Sam was a mere tropical depression Thursday morning, but by early Friday it stood at hurricane strength after a textbook rapid intensification. It’s set to make a run at major hurricane status by Saturday, potentially becoming a Category 4 hurricane as it churns across the open Atlantic.

No tropical storm or hurricane alerts are in effect for any place yet, since the storm will likely avoid land. However, there is still plenty of uncertainty in the eventual track of Sam, and the northern Leeward Islands and Puerto Rico should keep close tabs on Sam’s progress.

Sam is likely to join the ranks of Grace, Ida and Larry, which all attained Category 3 or greater status this year. Category 4 Ida brought devastation to southeast Louisiana with winds topping 150 mph upon landfall.

The season to date has been slightly above average, with Accumulated Cyclone Energy, or ACE, running about 12 percent ahead of the norm. ACE is a metric that describes how much energy tropical cyclones expend in their winds and hinges on storm intensity, longevity and size.

Because Sam is expected to remain near or at peak strength for several days and likely persist into the first week of October, there is a decent chance it will generate much more ACE than Ida did.

There are signs to support an additional slew of tropical systems developing in the coming weeks, which would exhaust 2021′s preset list of conventional hurricane names. At present, only three names remain — Teresa, Victor and Wanda.

Unlike in previous cases, during which the Greek alphabet was used to name storms once a season’s main list was cycled through, the World Meteorological Organization this year has created a supplemental list that will be dipped into. Adria, Braylen and Caridad are first up on that list.

Sam currently

As of 11 a.m. Friday, Sam was a 75 mph Category 1 hurricane as it churned west at 14 mph. It was located roughly halfway between the west coast of Africa and the Lesser Antilles. The Hurricane Center noted it was taking a “momentary pause” in strengthening but would likely pick up its intensification soon.

Rapid intensification has been ongoing since the storm’s inception due to a very favorable environment. Like an atmospheric powder keg, the combination of extremely warm sea surface temperatures in the Atlantic’s Main Development Region and relaxed upper-level winds has allowed Sam to quickly organize.

On infrared satellite, a cluster of intense convection, or shower and thunderstorm activity, can be seen blossoming near the center, while high-altitude outflow clouds radiate away from the storm’s periphery. That marks the exhaust of the storm; clearing “spent” air away from the system is instrumental in allowing it to ingest more moisture-rich air at the low levels.

An early-morning microwave satellite image (shown above), which more efficiently resolves processes occurring below cloud level inside the storm, indicated attempts at an inner core to form. It was present primarily only on the eastern half of the storm, but will probably fill in during the remainder of the day. The National Hurricane Center notes it wouldn’t be impossible for Sam to reach Category 3 strength, which begins at 111 mph, by the second half of Saturday.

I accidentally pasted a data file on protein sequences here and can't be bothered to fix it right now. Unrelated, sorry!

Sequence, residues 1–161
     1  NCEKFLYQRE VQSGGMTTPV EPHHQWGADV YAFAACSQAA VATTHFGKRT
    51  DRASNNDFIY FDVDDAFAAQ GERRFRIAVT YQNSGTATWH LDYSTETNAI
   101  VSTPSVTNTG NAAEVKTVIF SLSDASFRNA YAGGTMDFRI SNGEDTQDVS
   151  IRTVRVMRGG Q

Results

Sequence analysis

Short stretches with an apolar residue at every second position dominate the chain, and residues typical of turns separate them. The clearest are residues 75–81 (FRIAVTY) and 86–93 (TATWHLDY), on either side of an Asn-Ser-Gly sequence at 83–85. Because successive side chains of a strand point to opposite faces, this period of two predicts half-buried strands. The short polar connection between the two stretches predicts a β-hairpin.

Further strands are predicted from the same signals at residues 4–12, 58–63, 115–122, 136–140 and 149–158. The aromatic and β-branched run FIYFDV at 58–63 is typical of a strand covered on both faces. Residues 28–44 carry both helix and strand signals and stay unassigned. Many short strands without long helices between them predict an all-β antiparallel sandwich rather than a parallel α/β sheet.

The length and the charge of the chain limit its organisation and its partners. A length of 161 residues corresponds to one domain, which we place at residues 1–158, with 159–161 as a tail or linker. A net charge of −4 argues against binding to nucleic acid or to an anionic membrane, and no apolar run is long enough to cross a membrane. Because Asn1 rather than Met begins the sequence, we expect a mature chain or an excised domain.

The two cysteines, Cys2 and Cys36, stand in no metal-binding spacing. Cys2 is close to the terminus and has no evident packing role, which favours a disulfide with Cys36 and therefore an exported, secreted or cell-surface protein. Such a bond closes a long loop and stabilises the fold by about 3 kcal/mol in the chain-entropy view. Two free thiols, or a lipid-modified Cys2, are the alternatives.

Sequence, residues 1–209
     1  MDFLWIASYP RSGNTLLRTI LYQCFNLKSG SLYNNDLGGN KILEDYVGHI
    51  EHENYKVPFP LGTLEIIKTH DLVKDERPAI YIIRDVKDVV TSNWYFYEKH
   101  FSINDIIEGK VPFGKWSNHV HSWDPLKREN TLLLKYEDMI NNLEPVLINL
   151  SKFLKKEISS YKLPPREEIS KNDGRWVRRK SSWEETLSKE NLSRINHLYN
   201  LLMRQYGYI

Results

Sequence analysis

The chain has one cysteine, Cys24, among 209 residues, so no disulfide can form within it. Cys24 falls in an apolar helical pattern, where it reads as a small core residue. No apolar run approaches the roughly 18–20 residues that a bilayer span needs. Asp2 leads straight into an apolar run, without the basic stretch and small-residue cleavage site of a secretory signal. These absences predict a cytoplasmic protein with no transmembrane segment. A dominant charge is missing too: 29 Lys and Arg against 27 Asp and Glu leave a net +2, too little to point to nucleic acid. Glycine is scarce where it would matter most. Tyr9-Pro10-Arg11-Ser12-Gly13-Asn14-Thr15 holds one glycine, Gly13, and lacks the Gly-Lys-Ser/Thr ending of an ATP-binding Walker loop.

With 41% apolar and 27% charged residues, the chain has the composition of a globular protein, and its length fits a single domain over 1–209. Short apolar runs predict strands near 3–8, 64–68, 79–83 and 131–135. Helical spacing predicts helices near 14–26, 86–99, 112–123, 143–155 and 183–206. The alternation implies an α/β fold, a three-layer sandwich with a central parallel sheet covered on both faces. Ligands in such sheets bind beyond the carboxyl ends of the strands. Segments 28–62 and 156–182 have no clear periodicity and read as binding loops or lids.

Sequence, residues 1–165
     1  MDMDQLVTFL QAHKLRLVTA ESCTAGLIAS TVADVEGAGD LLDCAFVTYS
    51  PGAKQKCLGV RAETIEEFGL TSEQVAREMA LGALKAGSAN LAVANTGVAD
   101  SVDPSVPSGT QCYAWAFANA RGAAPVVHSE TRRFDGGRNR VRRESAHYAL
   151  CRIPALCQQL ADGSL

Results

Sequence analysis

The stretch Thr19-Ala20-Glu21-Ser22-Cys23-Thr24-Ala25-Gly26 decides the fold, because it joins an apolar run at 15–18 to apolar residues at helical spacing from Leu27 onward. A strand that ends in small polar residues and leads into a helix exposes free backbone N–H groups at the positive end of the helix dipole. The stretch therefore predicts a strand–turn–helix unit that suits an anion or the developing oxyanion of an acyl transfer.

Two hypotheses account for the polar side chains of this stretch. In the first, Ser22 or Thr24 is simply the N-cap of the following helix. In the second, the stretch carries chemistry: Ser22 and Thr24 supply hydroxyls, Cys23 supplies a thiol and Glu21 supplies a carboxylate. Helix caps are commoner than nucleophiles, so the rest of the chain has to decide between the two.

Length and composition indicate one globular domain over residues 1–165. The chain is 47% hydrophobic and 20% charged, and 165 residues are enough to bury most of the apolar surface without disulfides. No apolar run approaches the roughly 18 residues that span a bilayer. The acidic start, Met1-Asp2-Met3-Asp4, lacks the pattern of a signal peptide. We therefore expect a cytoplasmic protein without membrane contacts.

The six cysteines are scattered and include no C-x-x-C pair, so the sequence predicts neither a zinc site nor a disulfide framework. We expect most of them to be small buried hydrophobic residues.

What to expect

Sam will be a monstrous hurricane before long — probably sometime in the next 48 hours. There isn’t much holding it back, which makes forecasting its whereabouts so vitally important.

The main wild card at first was how quickly Sam would develop, since a stronger, taller storm initially would feel winds at the upper levels that would tug it a bit farther north. That appears to be on track.

The strength and placement of Atlantic high pressure, which stretches from the Azores to east of Bermuda, is also a key player since it acts like a steering guardrail. Instead of continuing to suppress Sam to the south, the storm will probably escape northward before getting too close to the Leeward Islands, recurving out to sea.

That said, there are still at least five or six days left before Sam makes its closest pass, during which a lot can change — so it’s too early to let our guard down.

Other systems to watch

Elsewhere in the Atlantic, a couple other systems are being monitored for potential tropical development. A cluster of thunderstorms near Bermuda has a 40 percent chance of acquiring tropical characteristics in the medium range, but its long-term prospects don’t suggest much more than a marginal system at most.

Earlier forecasts also suggested the disintegrated remnants of Odette would have a chance at redeveloping over some of the warmer waters of the north central Atlantic, but the window for that to occur is quickly closing.

There is another tropical wave exiting Africa west of Guinea-Bissau that has a medium chance at development, but it’s possible that Sam could set processes in motion that would limit its potential. Once Sam drifts north toward the jet stream in early October, it could induce the formation of a “tropical upper tropospheric trough,” or TUTT, which would enhance upper-level winds enough to potentially tear a fledgling system apart.